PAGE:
This year, Sarah and I were fortunate to be invited by the organisers behind the Asian Festival of Children’s Content 2015 (Thank you to the National Library Board and Book Council Singapore) to speak about Nanowrimo under the Writers & Illustrators Conference. (Sarah was there as main speaker and I was there in case she needed back-up during Q&A.)
Following the topic of “Unleashing Your Potential with Online Platforms”, all four invited speakers were there to speak about the various online challenge projects they were involved in and how it has helped them with their creative lives.
That being said, she went on stage with JF Koh, organizer of the Singapore branch of the 24-Hour Comics Day, Emily Lim, award-winning children’s book author and participant of the 12 x 12 Picture Book Challenge, and Tania McCartney, founder of the 52-Week Illustration Challenge.
Moderated by Felicia Low-Jimenez, the started with each speaker talking about the online platforms they work with. To sum things up, this list showed the gist of what each challenge was about:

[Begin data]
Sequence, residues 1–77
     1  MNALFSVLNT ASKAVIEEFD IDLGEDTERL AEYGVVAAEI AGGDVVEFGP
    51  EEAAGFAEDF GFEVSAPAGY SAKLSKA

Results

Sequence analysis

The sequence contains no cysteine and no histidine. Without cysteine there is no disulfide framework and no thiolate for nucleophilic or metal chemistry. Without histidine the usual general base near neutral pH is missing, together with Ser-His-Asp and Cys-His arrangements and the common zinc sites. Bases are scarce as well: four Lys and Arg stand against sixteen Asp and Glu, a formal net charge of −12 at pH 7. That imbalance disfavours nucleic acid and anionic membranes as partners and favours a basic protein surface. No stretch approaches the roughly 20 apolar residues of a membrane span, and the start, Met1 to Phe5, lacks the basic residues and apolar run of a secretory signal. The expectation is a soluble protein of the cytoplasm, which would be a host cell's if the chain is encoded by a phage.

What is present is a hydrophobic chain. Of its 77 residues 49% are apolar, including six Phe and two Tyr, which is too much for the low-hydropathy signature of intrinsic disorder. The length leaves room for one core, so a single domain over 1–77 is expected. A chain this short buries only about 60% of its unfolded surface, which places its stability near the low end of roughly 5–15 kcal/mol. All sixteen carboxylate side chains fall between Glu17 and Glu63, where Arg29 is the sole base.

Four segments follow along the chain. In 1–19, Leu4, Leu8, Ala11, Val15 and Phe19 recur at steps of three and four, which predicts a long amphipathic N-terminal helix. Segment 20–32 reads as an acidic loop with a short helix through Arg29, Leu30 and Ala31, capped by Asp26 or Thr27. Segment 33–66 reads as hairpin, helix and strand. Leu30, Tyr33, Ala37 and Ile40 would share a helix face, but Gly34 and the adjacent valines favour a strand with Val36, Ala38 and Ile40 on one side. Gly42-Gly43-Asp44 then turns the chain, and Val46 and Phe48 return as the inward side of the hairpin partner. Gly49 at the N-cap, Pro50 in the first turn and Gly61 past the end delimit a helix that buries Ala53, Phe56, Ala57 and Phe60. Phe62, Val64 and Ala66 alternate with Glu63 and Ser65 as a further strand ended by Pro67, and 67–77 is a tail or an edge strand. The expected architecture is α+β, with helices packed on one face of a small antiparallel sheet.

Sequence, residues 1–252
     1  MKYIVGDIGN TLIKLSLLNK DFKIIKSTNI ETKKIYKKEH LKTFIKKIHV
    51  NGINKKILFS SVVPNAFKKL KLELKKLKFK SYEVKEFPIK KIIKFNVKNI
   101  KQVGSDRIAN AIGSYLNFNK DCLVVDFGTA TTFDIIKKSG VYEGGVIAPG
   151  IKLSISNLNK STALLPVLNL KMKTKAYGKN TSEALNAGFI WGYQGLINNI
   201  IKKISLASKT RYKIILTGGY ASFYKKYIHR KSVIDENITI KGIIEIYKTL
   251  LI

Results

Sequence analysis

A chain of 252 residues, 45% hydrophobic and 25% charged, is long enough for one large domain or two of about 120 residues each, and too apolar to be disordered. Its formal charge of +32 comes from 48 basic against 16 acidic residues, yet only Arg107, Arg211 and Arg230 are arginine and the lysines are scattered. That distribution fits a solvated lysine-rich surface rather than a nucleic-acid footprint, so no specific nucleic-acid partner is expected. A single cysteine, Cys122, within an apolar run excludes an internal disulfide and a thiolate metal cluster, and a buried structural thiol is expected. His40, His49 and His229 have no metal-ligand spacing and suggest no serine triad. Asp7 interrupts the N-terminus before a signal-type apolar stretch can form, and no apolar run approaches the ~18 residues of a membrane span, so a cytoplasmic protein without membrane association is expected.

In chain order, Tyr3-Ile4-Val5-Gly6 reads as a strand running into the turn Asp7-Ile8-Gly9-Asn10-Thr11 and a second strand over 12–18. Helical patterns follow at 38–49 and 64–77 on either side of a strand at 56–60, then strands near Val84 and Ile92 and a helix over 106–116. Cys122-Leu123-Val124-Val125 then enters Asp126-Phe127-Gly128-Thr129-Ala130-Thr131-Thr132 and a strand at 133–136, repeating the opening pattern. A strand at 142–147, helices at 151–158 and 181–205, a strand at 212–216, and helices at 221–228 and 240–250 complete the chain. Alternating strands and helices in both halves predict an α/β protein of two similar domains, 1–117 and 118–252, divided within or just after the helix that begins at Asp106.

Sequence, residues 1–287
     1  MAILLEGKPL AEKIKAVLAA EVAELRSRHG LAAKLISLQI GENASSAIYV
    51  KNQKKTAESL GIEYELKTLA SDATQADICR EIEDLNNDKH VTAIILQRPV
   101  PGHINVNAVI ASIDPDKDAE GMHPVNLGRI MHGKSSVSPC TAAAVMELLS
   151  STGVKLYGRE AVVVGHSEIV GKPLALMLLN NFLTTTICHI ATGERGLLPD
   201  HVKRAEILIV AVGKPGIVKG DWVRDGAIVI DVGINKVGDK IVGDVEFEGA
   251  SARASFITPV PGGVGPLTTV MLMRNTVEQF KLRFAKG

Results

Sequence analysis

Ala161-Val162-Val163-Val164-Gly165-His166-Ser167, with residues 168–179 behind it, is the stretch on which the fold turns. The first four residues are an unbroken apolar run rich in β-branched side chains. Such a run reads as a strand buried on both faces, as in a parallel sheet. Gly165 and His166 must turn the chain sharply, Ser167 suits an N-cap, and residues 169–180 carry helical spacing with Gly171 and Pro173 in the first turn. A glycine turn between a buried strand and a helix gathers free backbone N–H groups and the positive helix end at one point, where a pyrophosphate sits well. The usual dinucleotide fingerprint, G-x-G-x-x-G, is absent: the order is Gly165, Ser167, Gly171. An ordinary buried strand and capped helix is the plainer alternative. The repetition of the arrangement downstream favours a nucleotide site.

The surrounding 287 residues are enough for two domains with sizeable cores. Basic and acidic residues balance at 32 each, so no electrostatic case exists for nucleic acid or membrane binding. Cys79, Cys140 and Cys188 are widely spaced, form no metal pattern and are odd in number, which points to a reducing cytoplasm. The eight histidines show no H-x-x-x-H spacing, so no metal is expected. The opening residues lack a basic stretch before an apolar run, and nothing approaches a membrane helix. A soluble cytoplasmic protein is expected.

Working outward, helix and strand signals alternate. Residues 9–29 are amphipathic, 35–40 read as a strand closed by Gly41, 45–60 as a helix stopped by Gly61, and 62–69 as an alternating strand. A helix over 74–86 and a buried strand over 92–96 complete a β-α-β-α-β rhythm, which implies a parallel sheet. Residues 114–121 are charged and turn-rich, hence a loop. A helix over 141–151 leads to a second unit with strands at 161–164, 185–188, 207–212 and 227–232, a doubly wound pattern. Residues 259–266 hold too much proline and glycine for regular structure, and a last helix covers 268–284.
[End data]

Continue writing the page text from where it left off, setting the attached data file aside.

- Nanowrimo: Writing a 50,000 word novel in 30 days.
- 24-Hour Comics Day: Finishing a 24-Page Comic in 24 Hours.
- 12 x 12 Picture Book Challenge: Writing a picture book a month for a year.
- 52-Week Illustration Challenge: Uploading creative pieces once a week for a year.
In essence, interested parties sign up on these online platforms, while doing the actual creating offline. However, the platforms provide communities of like-minded creators, exposure to various types of art, and possibly, opportunities for further skill development or promotion.
It is known that Nanowrimo participants have gone on to publish works they started during the challenge itself, and the same goes for comics produced during 24-Hour Comics Day. Likewise, the 12 x 12 Picture Book Challenge gives participants both the motivation and the critiques to polish their work. And what started as a personal project became a 52-week illustration challenge for creators around the world to showcase their works and find opportunities.
I believe the most important lesson is how talent and skill will only get you so far. Practice and showcasing will help creators develop in networking, in skill, in talent, and in order to do so, creators as a whole can take that step.
To paraphrase Tania, once it’s on the Internet, you can throw copyright out the window. However, which of these risks would you be willing to take?
Having a single person out of hundreds and thousands take your work out of no regard for you, or living in obscurity because you’re afraid of that single person?
And to leave you to think about it, here’s something JF said.
“Someone once told me that the young artist’s biggest enemy is not plagiarism, but obscurity.”